As followers of Jesus, we are called to be evangelists. Not everyone is to be the Billy Graham kind of evangelist, but we are all called to share the gospel in the way the Holy Spirit equips us. One of the most powerful tools we have in evangelism is our testimony. Testimony is recalling something that has happened and bringing that event or those events into the present. In the passage at hand, Paul crafts his evangelistic message within the testimony of God’s relationship with Isreal. In other speeches (Acts 22:6-21), Paul will use his personal testimony. But here, he uses the testimony of God’s people.
This method’s application is that when engaging with people and sharing the gospel, it must not start with a direct proclamation of truth (that essential part will surely come). In speaking with the audience in Pisidian Antioch, he built up a relationship with them through the story of their heritage. When we take the time to establish a relationship with others who need to hear the gospel, we must consider their histories and perceptions. By testifying, personal or otherwise, the evangelist will invite the non-Christ-follower to a relationship by exposing deeply felt historical events. Some will respond; some will not respond. However, as the passage shows, our mission to evangelize must start with recognizing and respecting the audience.
Summary and Review
- Summary –
Acts 13 falls at the beginning of Paul’s first missionary journey. With Barnabas, the church at Antioch has commissioned the two to go to the Gentiles specifically. Traveling to Selucida, they took water transport to Cyprus. Landing in the port town of Salamis, they picked up John as their assistant. They had some success in Salamis and went on to Paphos. John’s association didn’t last long as after another journey across the Mediterranean and landing in Perga, he left them to go back to Jerusalem. Traveling north, they reached Pisidian Antioch in what is now western Turkey. It is at Pisidian Antioch that we find the passage at hand.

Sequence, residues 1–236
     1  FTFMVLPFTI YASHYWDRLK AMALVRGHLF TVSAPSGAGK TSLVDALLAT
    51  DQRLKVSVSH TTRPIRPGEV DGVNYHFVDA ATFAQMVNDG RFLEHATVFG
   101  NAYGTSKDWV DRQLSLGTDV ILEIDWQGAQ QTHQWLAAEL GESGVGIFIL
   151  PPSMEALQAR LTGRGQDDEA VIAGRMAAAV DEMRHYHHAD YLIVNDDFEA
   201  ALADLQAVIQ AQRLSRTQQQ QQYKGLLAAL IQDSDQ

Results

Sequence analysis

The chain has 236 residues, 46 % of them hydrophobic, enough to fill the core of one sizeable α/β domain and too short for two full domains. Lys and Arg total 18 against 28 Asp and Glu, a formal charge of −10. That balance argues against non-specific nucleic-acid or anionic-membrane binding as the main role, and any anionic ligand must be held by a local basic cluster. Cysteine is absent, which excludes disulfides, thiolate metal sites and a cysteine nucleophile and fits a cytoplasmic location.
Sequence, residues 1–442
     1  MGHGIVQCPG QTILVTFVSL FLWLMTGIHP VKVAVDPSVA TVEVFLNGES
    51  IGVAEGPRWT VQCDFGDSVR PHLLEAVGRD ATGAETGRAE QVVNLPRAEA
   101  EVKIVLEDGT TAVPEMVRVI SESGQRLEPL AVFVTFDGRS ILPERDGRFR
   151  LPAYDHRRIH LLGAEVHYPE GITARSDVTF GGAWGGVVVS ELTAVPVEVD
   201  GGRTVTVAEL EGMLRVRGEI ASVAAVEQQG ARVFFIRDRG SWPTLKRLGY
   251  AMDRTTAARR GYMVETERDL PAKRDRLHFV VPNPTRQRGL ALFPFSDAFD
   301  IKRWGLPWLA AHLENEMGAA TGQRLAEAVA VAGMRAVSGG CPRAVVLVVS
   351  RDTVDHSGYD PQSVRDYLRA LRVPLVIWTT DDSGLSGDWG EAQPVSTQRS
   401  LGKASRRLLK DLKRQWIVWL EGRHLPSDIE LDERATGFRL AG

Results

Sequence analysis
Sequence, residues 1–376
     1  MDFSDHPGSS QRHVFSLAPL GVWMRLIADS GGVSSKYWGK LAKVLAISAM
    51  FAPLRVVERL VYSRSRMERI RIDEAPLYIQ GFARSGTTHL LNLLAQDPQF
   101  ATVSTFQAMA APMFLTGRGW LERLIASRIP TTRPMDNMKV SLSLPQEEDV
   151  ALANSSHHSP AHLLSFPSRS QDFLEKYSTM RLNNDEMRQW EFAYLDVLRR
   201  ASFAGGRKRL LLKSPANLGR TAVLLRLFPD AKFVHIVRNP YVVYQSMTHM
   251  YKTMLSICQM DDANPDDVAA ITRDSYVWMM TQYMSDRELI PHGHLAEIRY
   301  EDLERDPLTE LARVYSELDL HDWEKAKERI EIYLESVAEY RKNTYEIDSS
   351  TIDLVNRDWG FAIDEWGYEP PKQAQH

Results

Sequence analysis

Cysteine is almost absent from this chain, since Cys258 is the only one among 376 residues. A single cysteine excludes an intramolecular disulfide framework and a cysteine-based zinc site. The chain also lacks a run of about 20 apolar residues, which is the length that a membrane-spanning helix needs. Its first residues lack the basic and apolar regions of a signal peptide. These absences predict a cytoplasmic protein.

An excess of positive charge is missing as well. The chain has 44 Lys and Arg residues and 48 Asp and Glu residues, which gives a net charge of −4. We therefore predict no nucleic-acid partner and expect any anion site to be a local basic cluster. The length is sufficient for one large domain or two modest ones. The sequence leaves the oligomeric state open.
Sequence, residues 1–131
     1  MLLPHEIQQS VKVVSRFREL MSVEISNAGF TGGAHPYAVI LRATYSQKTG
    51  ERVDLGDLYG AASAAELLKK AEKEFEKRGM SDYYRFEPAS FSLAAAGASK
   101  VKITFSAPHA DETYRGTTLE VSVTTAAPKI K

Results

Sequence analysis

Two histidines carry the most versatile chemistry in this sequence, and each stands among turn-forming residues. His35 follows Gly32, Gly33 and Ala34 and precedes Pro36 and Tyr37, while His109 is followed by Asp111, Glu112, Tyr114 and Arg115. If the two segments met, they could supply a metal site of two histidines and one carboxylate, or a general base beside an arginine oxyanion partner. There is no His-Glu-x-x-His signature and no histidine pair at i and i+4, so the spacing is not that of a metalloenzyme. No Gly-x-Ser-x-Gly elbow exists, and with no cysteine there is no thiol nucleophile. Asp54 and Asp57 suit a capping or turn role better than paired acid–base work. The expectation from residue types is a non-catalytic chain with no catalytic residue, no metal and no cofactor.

Paul has developed a pattern of finding fellow Jews and going to their synagogues for the Sabbath. This city is no exception. Being recognized as important visitors, they are invited to speak to the congregation. The audience was not just Jews but God-fearing Gentiles. These were people who loved God, observed the Torah as best they could but had not yet made the transition to the full Jewish faith. Paul understands this mixed crowd and proceeded to address them.
Paul methodically moved through Israel’s history. Touching on the major themes of Jewish history – chosen, rescued, formed in the wilderness, conquered the land, and then entered into Saul and David’s monarchies. When Paul moved his narrative to David, he started speaking of the long-awaited Messiah, whom Paul immediately identifies as Jesus. Paul then proceeded with a proclamation of the gospel, quoting several messianic scripture passages. The climax of the sermon came with the declaration of Jesus being raised from the dead and the gift of salvation to all who believe. The audience response was enthusiastic, and Paul was asked to speak the following Sabbath. However, he is not without his detractors. Some Jews were “jealous” and spoke against him (vs. 45). However, his second audience was much more extensive, and many people – Jew and Gentile – came to faith and were filled with the Holy Spirit (vs. 52).
- Critical Assessment –